By Jim Shilander
City leaders received very pleasant news Wednesday, as the low bid for the La Pata extension project came in well under the expected $85 million price tag.
The three bids for the project were opened Wednesday at the Hall of Administration in Santa Ana. The low bid on the project was $61 million from Papich Construction, a firm located in Grover Beach. The highest bid on the project was $90.5 million.
The project will connect San Juan Capistrano and San Clemente.
Mayor Bob Baker, who had not heard about the bid until Thursday, said he was “thrilled” by the result.
“Let’s start digging tomorrow,” Baker joked. “I can’t wait to get under construction. It’s going to be great for our community, and a terrific traffic reducer for the freeway.”
Councilwoman Lori Donchak said she extremely happy about the news but remained cautious.
“My reaction was obviously one of great elation, because we really need to have a connection made between San Clemente and San Juan Capistrano,” she said. “I’m very hopeful.”
The Orange County Board of Supervisors will formally vote to award the bid at an upcoming meeting. Donchak said the county still must do due diligence to make sure the bids are “apples to apples” especially given the large difference between the bids.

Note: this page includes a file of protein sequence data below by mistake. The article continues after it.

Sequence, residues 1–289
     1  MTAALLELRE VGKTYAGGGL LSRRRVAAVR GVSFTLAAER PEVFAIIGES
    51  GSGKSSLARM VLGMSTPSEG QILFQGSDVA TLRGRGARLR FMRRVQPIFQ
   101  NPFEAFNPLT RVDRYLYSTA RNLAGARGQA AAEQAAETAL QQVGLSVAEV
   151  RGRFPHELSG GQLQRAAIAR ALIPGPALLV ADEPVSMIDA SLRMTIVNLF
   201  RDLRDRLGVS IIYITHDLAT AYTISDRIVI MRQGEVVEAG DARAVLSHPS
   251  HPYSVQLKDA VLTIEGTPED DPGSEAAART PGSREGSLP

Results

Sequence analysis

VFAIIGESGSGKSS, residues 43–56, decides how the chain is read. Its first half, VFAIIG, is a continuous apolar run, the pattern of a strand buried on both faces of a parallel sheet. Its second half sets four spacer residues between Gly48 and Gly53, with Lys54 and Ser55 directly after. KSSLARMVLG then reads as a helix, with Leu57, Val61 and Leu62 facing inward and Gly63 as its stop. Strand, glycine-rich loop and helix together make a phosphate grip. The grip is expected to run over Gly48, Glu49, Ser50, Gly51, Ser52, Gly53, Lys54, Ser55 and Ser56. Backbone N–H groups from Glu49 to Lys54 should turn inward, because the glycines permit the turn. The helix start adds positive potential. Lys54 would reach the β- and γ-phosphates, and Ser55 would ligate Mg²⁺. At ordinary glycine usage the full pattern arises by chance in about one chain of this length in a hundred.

“It’s some of the most challenging topography in the state,” Donchak said.
Supervisor Pat Bates called the project the most significant transportation development in the fifth district since the widening of the El Toro portion of Interstate 5, and one of the biggest arterial connections since the connection of Golden Lantern in Dana Point to inland areas. Bates said the low bid might also help with the funding gap that still persists for the project. Enough funding is in place to connect the two cities, but not necessarily all of the side projects involved with the proposal.
Donchak, who serves on the board of the Orange County Transit Authority, said there has been a need for years for the project, both to provide a “back door” to San Clemente, and to relieve traffic on I-5.
The project is expected to break ground in early 2014.